We have separate columns created for each piece of information now; let’s add some colors to give it a polished look so the data will be easily read. And I will use the format painter to format the colors quickly. Let’s make some space for the company name at the top and align this text a little bit, and I can even add the company’s logo if I want by going to the insert tab at the top and clicking the image.
Let’s go ahead and format some of the text and some of the columns to change the appearance of the data to bring some uniformity. Let’s start with the order dates; here, in this column, the order dates will be entered and saved, and it will be easy for us to read if the date is shown in the month date year format. To format the cells, I should first select them to do a right click and select format cells, and the format cell box will come up. I should choose the category as date and time and select the format I want, and we’ll get a preview of how the text will look down here in the format box. To apply it, I should click ok, and the text will be formatted. And now, as you can see, the dates are easy to read. Great. Now, let’s move on to the model column, so we have a column in which the bicycle model from the order will be mentioned. So apparently, this column should contain only the model number from the order and nothing else. What we’re going to do here is we’re going to restrict the data entered in this column to the model names only, in addition to that. I’m also going to help the user enter the correct data model names by providing a drop-down menu with the actual model names. I’m going to use this functionality called data validation to do that.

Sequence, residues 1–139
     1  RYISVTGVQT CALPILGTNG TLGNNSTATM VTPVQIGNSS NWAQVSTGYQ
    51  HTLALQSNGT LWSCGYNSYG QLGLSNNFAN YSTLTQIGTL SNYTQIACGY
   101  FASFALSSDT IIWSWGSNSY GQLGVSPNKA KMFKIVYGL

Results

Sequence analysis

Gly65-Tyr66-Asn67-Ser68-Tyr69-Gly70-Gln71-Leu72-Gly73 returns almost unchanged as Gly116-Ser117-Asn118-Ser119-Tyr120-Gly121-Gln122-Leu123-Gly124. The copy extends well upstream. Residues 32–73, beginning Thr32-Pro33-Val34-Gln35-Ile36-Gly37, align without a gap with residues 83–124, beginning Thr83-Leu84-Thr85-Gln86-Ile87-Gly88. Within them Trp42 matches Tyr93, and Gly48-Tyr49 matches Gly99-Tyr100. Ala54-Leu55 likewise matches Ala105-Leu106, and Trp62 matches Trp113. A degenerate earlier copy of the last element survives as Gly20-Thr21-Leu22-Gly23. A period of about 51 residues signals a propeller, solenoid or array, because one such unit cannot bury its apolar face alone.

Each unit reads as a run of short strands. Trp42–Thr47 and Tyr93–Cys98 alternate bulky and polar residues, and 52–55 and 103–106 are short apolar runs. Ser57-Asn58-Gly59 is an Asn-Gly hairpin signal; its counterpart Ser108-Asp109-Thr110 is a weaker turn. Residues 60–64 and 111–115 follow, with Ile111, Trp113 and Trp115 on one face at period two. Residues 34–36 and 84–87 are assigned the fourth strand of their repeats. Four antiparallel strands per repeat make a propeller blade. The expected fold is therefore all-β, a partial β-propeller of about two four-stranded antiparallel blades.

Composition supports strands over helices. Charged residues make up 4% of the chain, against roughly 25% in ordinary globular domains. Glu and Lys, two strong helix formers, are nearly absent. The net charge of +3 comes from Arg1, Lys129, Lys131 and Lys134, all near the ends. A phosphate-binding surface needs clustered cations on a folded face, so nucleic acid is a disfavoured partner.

Data validation allows us to define certain restrictions to a cell, and it will validate the data entered into the cell based on the restrictions we have defined. It will accept the entered data only when it falls into the defined rules. Let me show you how this works. To enable data validation, we should first select the area which needs to be validated and go to the data tab at the top and click data validation. The data validation dialog box will come up, and here’s where we configure the data validation for the selected column. First, we should ensure that the proper range is selected to which the validation will be applied. And next, in the criteria section, we should define what needs to be validated and how in our case, we need only certain text to be allowed, and we’re going to provide the list of text that should be allowed, which are the model names in our case.